Speed Racer creates a timeless, visually seductive world suspended somewhere between the pop '60s and the sci-fi future. Its biggest disappointment, strangely enough, is its raison d'ŕtre -- the races themselves.
This toxic admixture of computer-generated frenzy and live-action torpor succeeds in being, almost simultaneously, genuinely painful -- the esthetic equivalent of needles in eyeballs -- and weirdly benumbing, like eye candy laced with lidocaine.
More than the story of the Racer family, Speed Racer is the visual autobiography of the Wachowskis and their pit crew of computer-nerd Einsteins, using the tools of their trade to transform the movie medium.
The movie, unfortunately, doesn't make that leap from sensation to art, but it suggests fascinating possibilities for moviemakers interested in using the latest techniques seriously to explore the world -- the fairyland we have made with our technology.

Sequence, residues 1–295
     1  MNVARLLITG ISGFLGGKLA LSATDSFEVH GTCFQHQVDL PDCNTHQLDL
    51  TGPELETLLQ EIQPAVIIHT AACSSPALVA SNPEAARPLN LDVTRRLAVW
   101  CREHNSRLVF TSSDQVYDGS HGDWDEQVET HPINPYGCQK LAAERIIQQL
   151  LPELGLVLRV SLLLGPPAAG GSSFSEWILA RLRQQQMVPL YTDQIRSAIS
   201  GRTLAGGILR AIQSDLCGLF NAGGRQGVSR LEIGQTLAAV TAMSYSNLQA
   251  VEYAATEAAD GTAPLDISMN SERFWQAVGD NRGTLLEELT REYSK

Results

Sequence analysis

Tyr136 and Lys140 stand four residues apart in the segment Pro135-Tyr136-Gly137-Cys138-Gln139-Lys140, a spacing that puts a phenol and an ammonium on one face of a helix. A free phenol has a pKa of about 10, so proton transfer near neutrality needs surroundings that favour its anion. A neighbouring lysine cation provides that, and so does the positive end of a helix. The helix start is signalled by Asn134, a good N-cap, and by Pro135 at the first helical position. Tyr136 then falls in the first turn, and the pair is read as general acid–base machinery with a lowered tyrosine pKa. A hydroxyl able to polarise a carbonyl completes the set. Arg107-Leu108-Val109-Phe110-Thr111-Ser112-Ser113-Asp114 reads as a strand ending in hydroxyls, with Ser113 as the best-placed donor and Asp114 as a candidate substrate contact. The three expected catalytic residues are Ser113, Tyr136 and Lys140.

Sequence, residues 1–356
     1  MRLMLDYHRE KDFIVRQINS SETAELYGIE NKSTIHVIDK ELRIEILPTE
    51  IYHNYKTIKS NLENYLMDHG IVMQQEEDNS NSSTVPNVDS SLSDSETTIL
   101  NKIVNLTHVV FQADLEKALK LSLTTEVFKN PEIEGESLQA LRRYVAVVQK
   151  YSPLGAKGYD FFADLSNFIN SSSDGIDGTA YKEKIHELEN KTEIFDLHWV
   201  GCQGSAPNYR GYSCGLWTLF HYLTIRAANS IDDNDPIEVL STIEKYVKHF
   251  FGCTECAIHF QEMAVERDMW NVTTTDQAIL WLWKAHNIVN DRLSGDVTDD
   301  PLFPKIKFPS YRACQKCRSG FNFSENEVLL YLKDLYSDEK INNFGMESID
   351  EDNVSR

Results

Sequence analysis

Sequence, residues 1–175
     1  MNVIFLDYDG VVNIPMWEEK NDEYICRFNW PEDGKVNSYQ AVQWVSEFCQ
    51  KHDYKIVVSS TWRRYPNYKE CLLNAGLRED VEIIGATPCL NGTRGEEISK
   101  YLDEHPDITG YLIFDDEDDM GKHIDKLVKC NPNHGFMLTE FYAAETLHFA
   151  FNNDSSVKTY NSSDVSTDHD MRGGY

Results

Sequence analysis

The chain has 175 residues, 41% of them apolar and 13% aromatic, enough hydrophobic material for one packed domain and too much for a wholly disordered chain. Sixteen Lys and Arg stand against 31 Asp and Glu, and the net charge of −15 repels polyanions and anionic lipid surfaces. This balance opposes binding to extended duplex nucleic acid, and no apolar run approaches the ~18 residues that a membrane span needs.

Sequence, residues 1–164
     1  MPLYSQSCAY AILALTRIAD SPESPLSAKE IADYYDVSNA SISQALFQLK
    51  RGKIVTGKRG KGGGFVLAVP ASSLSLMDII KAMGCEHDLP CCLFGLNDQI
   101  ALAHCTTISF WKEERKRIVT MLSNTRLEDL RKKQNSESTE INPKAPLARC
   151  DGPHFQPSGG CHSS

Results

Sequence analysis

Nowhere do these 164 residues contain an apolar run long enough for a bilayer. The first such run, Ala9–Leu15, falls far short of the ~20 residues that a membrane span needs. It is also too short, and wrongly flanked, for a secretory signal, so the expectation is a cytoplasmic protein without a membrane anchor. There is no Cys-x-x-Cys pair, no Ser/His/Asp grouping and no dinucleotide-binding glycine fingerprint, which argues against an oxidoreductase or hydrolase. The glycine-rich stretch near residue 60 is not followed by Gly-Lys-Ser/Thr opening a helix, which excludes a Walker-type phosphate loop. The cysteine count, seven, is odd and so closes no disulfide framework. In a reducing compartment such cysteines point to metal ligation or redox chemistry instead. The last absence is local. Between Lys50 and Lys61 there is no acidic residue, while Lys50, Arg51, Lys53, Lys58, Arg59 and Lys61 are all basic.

It gave me a headache, a stomach ache and the less-defined unease that comes from witnessing a major change in the zeitgeist. Because the zeitgeist, judging from this movie, now embraces rattle-headed visual delirium at all costs.
In the early going, the whiz-bang editing and searing primary colors in Speed Racer work like a sugar rush, but the crash from all that overstimulation is enough to reduce grown men into sobbing infants.
At an exceedingly long 135 minutes, the film needs more than what might result from the explosion of a Crayola factory, and Speed Racer has nothing extra to offer -- no heart, no excitement, no moments to cherish.
Young boys are the only suitable audience for Speed Racer, and even they might feel an urge to squirm between the videogame-style, whizbang, jellybean-colored, CG-jiggered car races that are the adrenalized heart of this entertainment with no soul.